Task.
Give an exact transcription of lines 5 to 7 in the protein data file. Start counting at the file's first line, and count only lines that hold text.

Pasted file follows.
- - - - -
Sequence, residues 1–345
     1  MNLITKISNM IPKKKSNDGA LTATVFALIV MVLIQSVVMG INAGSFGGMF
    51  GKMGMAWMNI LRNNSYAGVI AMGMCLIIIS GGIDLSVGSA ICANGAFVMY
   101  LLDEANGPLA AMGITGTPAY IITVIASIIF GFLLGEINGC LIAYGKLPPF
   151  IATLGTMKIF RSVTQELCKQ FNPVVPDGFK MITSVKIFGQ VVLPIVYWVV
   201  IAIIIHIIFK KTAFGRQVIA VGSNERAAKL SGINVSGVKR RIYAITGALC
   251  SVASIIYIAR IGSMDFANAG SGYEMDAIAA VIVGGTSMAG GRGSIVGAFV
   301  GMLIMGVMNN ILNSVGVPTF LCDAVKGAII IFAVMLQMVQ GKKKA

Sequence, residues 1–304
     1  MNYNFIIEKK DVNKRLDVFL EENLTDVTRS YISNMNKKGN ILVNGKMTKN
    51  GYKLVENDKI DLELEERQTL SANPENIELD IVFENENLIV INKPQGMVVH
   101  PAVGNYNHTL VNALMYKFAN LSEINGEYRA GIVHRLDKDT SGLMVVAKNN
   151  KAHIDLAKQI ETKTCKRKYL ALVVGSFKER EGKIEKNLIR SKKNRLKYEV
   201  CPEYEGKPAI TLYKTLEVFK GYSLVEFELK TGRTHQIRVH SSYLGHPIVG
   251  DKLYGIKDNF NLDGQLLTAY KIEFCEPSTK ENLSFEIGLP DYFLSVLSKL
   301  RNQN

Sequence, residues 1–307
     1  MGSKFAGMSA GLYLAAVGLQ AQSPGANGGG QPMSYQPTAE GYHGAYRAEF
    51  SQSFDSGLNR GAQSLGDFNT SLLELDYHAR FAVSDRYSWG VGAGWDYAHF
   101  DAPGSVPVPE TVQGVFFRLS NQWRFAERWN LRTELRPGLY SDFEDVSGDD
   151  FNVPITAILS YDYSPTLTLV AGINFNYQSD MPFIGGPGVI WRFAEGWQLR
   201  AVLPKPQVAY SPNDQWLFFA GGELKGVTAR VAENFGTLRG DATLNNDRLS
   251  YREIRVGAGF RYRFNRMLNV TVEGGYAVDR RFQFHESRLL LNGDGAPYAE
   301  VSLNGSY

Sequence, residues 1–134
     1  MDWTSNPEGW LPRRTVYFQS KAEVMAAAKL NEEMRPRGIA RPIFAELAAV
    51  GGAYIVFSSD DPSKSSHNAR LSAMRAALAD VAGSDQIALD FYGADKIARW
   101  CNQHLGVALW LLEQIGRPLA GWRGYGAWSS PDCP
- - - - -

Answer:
   151  IATLGTMKIF RSVTQELCKQ FNPVVPDGFK MITSVKIFGQ VVLPIVYWVV
   201  IAIIIHIIFK KTAFGRQVIA VGSNERAAKL SGINVSGVKR RIYAITGALC
   251  SVASIIYIAR IGSMDFANAG SGYEMDAIAA VIVGGTSMAG GRGSIVGAFV